Fun fact about Me: I graduated high-school a year early. In short…I was completely incapable of coping (either with the drama or stupidity…it’s a toss-up.) But flying the coop early didn’t squash the overwhelming need I had to walk with my graduating class. So, after almost a year of working, living and pretty much tuning out the perpetual stream of teenage drama, I returned to my old stomping ground. For the most part, it was the same. The same mean girls ruled with their lipstick fists. The same jocks got preferential treatment. The same teachers pretended that they didn’t hide bottles of scotch in their bottom drawers. There was however one very significant difference.
There were a TON of belly heavy girls walking around.
That’s right, out of the 200+ girls I saw while lining up to except my long overdue diploma, I would guestimate that at least 40 of them were pregnant. (Astounding…I know.) Even more astounding…the fact that it made me giddy. See, I was THAT girl. The one that got along with everyone and no one all at the same time. I (as some would say) marched to the beat of my own drum. If you didn’t like it. Then screw you. I was me and I was going to stay that way. Like me for who I am, or get the hell off of my lawn. Because of this (me being able to think for myself, not me being a raging B) I was a virgin until 2 years after I graduated. (Not for the lack of several incredibly horny boys trying.) The fact of the matter was, I wanted to be a person, not my lady bits. And keeping a mental chastity belt on helped.
But, not giving it up did come with a lot of questions. Most revolved around personal trauma. What was I so afraid of? Did something happen in the past to instigate my virginal lock-down? For me…it was nothing more than a choice. For others however (like the lead character in Brenna Aubrey’s “At Any Price”) it’s about something much more complicated. And complicated? Well…it makes for a pretty compelling story.
About a month and a half ago (when I was at book event) I was approached by one of my readers and asked a very simple question: Why don’t you review more NA on KindleObsessed? So, this being a NA novel, I’ve decided to kill two birds with one stone. (Answer the question and explain why this novel is an exception to the rule.)
For those of you that have hopped on the NA train, let me ask you a question:
Read any original stories lately?
I don’t like being overly critical of a genre as a whole, but when it comes down to brass tacks, NA has a reputation, and that reputation is backed by repetitiveness. Alpha male. Shy girl. One or both with some pretty significant issues. Insert sex.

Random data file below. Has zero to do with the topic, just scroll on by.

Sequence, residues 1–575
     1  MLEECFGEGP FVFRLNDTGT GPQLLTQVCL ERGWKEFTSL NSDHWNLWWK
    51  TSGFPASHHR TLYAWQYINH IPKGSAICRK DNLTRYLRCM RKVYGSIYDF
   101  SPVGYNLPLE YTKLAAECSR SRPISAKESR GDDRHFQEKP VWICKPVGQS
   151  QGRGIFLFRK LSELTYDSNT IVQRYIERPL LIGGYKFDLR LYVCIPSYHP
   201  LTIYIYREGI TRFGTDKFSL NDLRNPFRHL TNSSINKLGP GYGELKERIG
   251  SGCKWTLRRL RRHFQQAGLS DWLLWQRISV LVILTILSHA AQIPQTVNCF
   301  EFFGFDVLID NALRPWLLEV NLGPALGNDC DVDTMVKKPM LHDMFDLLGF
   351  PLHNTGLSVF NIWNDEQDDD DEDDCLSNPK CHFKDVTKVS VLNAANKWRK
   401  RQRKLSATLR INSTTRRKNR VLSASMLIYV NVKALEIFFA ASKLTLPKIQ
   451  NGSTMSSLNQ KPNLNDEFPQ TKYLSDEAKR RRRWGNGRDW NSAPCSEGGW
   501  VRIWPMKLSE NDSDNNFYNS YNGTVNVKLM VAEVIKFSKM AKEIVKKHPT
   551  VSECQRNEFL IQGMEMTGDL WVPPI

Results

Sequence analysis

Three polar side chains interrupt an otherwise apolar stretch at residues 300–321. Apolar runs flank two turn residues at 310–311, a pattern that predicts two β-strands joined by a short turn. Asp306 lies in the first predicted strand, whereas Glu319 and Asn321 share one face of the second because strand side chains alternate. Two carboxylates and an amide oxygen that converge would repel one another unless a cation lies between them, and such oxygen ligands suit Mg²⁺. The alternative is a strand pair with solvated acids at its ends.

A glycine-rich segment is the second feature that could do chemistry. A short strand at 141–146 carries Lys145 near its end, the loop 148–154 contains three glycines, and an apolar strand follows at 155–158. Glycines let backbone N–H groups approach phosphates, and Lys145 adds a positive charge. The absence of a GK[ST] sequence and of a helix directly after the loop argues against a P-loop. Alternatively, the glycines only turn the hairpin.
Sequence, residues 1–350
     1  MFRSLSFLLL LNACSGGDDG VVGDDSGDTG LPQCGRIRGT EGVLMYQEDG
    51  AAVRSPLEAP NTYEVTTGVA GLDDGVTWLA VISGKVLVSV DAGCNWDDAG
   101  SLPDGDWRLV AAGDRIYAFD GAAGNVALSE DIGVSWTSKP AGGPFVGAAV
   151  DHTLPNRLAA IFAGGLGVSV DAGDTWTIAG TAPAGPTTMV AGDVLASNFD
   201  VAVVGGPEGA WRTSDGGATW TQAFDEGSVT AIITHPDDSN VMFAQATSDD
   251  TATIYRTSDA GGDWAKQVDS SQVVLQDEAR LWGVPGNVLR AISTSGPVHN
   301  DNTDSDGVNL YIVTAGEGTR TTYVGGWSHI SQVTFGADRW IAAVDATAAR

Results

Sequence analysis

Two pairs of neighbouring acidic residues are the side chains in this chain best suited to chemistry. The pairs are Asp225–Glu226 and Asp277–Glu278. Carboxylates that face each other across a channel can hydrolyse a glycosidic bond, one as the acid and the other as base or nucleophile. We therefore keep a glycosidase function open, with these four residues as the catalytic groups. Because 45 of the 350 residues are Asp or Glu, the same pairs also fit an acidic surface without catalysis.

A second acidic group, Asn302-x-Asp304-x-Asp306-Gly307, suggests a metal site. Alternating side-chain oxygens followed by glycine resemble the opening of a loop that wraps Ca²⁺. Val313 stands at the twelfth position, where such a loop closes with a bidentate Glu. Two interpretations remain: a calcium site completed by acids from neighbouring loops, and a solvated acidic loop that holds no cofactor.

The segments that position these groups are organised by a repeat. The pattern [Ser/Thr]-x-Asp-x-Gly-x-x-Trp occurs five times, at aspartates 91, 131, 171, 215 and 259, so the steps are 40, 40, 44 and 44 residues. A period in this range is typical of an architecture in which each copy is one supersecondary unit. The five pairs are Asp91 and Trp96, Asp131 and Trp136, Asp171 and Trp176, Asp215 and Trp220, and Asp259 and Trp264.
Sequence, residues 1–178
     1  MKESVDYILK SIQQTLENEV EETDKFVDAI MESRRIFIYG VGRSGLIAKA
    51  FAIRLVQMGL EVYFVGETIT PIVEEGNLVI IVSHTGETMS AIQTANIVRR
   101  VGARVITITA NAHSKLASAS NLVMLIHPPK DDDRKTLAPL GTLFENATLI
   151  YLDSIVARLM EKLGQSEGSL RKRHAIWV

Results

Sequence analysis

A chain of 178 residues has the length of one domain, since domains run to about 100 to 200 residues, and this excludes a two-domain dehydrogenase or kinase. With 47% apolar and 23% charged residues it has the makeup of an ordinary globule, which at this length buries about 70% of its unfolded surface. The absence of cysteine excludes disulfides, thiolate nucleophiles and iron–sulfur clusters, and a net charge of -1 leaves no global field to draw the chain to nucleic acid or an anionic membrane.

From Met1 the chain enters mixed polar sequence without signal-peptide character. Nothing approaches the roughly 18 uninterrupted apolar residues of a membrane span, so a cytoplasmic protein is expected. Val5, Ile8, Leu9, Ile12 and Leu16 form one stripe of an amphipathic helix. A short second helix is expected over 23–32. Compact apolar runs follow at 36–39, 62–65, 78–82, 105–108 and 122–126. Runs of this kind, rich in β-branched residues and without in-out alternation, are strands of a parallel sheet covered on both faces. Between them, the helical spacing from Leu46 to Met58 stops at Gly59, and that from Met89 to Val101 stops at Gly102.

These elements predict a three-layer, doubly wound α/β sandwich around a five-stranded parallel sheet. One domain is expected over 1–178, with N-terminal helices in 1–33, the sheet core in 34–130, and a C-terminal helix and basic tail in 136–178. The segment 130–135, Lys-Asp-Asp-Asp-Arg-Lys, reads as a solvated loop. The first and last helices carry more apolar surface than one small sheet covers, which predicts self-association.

I am not discrediting the formula. It works. But, it also shoves talented authors into boxes. (Of the same shape, size and color.) Simple fact, I have to take breaks in-between novels in this particular genre that I don’t necessarily have to with other genres. Why? Because they all start to sound the same after a while. I’m not insinuated they ARE the same (they do – of course – have their differences) but from a review standpoint, it’s hard to separated them. Giving them room to breathe helps. There is a quote by Max de Pree that says it best:
“We need to give each other the space to grow, to be ourselves, to exercise our diversity. We need to give each other space so that we may both give and receive such beautiful things as ideas, openness, dignity, joy, healing, and inclusion.”
This is how I feel about NA. They need to be individual, therefore I have to let them go to gain perspective.
So why does “At Any Price” buck they system? Because it actually FELT original when reading it. Yes, there were the predictable moments (and even the predictable personality traits) but the situations…the way the characters came together (auctioning off her V-card) and then lost each other (letting pride get in the way) did something to renew my faith in original thought.
Here’s the long and the short of it. Mia is a über computer nerd who reviews video games to make moola. She is also the daughter of a mother suffering from cancer who needs treatment. Treatments cost money. They only thing Mia has that anyone would ever want to pay some hard-earned cash for is her virginity. (Which she has managed to hang on to for over 20 years.) So what does she do? Uses her blog as a platform to eBay her flower to the highest bidder. The winner? Adam Drake, a gaming CEO who won her V-card but doesn’t seem to want to cash it in. The questions that catapult the plot forward? Why and Who? (Not necessarily in that order.)
I will admit that the plot twist isn’t all that difficult to figure out. (I had it after a few key sentence in the beginning of the book.) BUT knowing actually made the book that much more interesting. (For me at least.) Why? Because there was always that secret…looming over their heads and I didn’t know when it was going to rear its ugly head. (Which in turn made my mind run wild, and kept me up until 4am finishing a book I started at bedtime.)
Plot aside (because we all KNOW how it’s gonna end anyways) it was the characters that I enjoyed more than anything. The snarky gay BFF (those are always fun) the overprotective mother, the cougar, the trifecta of nerd-a-geddon. Together they made the perfect cast. Funny. Sincere. Pissy. Just what every dysfunctional situation needs.
So where does this leave me overall? Well…when it comes down to reviewing more NA…I’ll try. (Though I make no promises.) As for THIS NA? Two thumbs up. Fine holiday fun. (Not that this book had anything to do with the holidays. I just really like that saying.)
Lovers of NA and Romance rejoice, this one is worth some dough.
Happy reading my fellow Kindle-ites and remember: “There is absolutely no inevitability as long as there is the willingness to think.” – Chuck Jones